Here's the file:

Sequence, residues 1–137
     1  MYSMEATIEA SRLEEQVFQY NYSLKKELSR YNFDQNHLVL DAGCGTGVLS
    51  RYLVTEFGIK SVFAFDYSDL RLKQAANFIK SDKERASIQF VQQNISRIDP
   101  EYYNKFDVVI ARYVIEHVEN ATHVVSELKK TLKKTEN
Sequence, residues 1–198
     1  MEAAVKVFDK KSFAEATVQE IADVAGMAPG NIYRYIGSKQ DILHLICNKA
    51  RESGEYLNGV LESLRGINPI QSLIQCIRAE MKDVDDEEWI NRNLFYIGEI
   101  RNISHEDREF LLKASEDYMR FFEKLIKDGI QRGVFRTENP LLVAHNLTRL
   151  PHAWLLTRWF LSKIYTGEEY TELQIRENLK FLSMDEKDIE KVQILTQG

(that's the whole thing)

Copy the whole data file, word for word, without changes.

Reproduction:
Sequence, residues 1–137
     1  MYSMEATIEA SRLEEQVFQY NYSLKKELSR YNFDQNHLVL DAGCGTGVLS
    51  RYLVTEFGIK SVFAFDYSDL RLKQAANFIK SDKERASIQF VQQNISRIDP
   101  EYYNKFDVVI ARYVIEHVEN ATHVVSELKK TLKKTEN
Sequence, residues 1–198
     1  MEAAVKVFDK KSFAEATVQE IADVAGMAPG NIYRYIGSKQ DILHLICNKA
    51  RESGEYLNGV LESLRGINPI QSLIQCIRAE MKDVDDEEWI NRNLFYIGEI
   101  RNISHEDREF LLKASEDYMR FFEKLIKDGI QRGVFRTENP LLVAHNLTRL
   151  PHAWLLTRWF LSKIYTGEEY TELQIRENLK FLSMDEKDIE KVQILTQG